The misperception of a decisive Judeo-Christian rift following A.D. 70 can distort our understanding of subsequent decades---and centuries---of Jewish and Christian history. Skarsaune mines the research from multiple disciplines to provide fresh analysis and valuable insight into Judaism's seminal role in the development of early church life, creed, and practice. Invaluable for interfaith dialogue. 455 pages, softcover from InterVarsity.
Oskar Skarsaune makes a fresh contribution to our understanding of the development of the early church in its practice (e.g., worship, baptism and Eucharist) and doctrine (e.g., Scripture, Christology, pneumatology). This book offers the new perspective that Christians were in ongoing and deep conversation with Jews during the early centuries leading up to Constantine. The common perception of a drastic "parting of the ways" after the destruction of Jerusalem in 70 A.D. has tended to distort our understanding of the succeeding decades and centuries of Jewish and Christian history. Notwithstanding the fact that there were points of bitterness and strife, the relationship is better viewed as that of a younger and older sibling. There is much evidence of interaction between the early Christians and rabbinic Judaism, both at the level of leadership and laypeople, and this left its impression on the church. Skarsaune gives us numerous fascinating episodic and topical glimpses into this untold story.
Oskar Skarsaune is professor of church history at Norwegian Lutheran School of Theology in Oslo, Norway. He is the author of and
"Professor Skarsaune has long been known as a leading scholar of early Jewish and Gentile Christian history. Here he brings his outstanding specialist learning to bear in a wonderfully accessible, comprehensive introduction to the Jewish basis of Christian faith and history throughout the first three centuries. In binding together the New Testament's Jewish roots with the life of the early Jewish and Gentile church, this is an outstanding textbook of Christian origins."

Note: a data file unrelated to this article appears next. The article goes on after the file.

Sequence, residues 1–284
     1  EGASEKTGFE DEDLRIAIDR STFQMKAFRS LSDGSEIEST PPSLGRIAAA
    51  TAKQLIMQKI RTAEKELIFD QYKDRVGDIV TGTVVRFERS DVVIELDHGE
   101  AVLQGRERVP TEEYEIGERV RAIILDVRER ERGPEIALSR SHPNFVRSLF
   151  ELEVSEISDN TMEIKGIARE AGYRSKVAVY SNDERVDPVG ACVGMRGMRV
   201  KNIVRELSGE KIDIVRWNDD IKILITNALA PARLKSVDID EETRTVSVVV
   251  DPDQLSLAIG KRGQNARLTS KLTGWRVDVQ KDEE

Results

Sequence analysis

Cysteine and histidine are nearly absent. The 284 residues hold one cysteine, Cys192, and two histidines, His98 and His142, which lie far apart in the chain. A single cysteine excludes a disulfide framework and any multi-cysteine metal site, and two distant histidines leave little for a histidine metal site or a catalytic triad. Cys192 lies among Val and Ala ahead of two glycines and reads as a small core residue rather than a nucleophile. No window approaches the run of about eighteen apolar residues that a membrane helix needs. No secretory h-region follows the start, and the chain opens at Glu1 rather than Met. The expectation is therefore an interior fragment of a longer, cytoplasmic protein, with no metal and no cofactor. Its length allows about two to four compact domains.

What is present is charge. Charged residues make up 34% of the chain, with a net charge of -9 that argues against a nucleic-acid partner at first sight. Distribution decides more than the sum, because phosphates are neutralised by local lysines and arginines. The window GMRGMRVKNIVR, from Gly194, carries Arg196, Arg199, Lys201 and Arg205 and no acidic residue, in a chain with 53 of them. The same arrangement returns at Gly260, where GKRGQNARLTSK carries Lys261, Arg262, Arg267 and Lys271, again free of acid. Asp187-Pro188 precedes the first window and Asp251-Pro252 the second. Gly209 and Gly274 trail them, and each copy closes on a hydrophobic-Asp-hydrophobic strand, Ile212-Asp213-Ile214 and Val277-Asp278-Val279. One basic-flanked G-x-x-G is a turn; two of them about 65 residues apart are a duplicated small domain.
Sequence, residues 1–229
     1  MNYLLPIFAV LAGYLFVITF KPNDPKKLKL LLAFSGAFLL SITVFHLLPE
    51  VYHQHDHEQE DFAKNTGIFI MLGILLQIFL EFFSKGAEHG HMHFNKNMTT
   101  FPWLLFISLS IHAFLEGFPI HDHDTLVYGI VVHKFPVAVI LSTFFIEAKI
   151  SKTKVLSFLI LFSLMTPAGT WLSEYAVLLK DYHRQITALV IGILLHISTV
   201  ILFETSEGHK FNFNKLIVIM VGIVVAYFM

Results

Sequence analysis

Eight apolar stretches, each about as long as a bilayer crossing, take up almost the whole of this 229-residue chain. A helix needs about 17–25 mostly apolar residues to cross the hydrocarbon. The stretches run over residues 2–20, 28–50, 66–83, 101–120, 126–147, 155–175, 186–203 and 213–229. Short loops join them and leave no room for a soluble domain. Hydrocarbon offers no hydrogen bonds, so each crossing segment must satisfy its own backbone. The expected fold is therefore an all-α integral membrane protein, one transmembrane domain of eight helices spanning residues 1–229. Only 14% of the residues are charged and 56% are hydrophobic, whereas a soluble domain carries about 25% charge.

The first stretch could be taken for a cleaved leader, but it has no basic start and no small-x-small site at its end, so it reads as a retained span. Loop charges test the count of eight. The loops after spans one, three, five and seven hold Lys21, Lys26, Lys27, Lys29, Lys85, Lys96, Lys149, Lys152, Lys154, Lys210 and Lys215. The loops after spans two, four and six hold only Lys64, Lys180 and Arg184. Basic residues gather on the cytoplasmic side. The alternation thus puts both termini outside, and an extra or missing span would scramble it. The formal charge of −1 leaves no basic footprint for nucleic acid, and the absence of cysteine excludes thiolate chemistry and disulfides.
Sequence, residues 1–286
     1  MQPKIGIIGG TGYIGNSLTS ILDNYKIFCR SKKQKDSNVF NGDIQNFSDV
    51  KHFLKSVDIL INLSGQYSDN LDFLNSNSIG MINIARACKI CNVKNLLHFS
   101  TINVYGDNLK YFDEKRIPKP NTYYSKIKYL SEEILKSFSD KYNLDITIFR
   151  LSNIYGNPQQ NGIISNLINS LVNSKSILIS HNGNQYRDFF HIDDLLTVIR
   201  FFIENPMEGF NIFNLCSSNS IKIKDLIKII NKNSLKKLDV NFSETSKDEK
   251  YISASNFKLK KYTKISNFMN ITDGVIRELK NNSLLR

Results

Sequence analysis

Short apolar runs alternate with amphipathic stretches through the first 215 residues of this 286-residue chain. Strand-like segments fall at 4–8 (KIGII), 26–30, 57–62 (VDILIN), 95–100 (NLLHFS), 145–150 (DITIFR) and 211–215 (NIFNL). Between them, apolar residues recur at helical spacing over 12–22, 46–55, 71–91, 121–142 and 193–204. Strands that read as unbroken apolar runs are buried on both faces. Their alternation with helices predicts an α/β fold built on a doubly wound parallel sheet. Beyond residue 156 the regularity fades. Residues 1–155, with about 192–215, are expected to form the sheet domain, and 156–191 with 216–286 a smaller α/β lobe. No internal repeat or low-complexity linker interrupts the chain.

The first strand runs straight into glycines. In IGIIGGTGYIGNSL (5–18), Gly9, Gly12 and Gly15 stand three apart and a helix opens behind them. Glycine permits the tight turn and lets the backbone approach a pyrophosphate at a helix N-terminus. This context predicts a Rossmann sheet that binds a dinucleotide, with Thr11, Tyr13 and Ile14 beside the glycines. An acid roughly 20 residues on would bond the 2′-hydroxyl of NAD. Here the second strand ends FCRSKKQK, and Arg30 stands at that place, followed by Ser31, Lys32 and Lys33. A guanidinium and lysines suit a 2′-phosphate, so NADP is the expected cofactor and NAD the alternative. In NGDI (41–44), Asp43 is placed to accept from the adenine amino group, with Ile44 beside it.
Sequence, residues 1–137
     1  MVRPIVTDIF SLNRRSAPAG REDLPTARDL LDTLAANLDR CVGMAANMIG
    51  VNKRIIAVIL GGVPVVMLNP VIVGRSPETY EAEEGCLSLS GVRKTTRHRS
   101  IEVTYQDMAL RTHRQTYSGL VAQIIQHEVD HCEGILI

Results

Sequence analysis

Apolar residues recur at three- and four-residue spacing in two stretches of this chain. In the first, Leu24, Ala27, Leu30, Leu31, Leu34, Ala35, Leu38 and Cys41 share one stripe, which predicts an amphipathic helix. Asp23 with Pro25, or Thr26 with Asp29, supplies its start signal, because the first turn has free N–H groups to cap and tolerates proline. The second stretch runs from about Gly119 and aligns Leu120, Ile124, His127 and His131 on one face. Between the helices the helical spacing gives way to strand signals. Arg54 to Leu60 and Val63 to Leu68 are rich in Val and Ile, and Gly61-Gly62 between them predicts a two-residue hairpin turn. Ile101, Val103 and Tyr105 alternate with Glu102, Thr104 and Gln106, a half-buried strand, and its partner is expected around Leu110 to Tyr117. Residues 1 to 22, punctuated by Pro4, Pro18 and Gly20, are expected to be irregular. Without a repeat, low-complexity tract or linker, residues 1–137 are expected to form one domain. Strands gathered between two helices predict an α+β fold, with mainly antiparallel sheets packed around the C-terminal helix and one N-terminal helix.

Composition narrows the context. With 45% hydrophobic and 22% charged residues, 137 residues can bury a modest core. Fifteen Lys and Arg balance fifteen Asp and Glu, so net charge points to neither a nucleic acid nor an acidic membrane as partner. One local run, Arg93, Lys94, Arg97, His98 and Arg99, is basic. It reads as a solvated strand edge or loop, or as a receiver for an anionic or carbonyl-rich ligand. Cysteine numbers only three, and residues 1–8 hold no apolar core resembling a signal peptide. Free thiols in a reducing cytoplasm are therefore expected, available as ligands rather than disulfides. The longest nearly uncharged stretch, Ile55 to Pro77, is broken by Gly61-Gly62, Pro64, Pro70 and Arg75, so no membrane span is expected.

"Nowadays the Jewish texture of the New Testament is increasingly appreciated, and rightly so. In this highly informative and stimulating book, Professor Skarsaune demonstrates how illuminating it can be to read the New Testament from the perspective of the fully Jewish character of early Christianity. This novel approach to Christian origins will enrich readers, making them more sensitive to the Jewishness of the New Testament and early Christianity and more appreciative of the debt Christianity owes to the Jews."
"Oskar Skarsaune is surely right on the Jewishness of early Christianity and the importance of the temple for its development. He marshals an accurate display of historical information and exercises sound judgment in weighing probabilities. The result not only establishes the Jewish influences on early Christianity but also presents a persuasive synthesis of key elements in the story of Christian origins."
"Although this book is written at a level that will be easily accessible to students, it is based on sound and fresh scholarship by a leading early church historian. [It] has the merit of surveying the history of the Christian movement from its beginnings with Jesus through the pre-Constantinian period from the specific perspective of demonstrating the close links between Christianity and its Jewish roots that persisted throughout this period. The author has not only harvested much specialized scholarship on this crucial question regarding Christian origins but also has his own personal contribution to make. This attractive presentation is a must for all students of the early church."
"Oskar Skarsaune's In the Shadow of the Temple is outstanding and will not only serve well the general reader, for whom the author writes, it will also serve well the scholar and student alike. Skarsaune has produced a gem that deftly lays out the major events, institutions, beliefs and figures of Judaism of late antiquity and how they shaped early Christianity. This reader-friendly book is a must."
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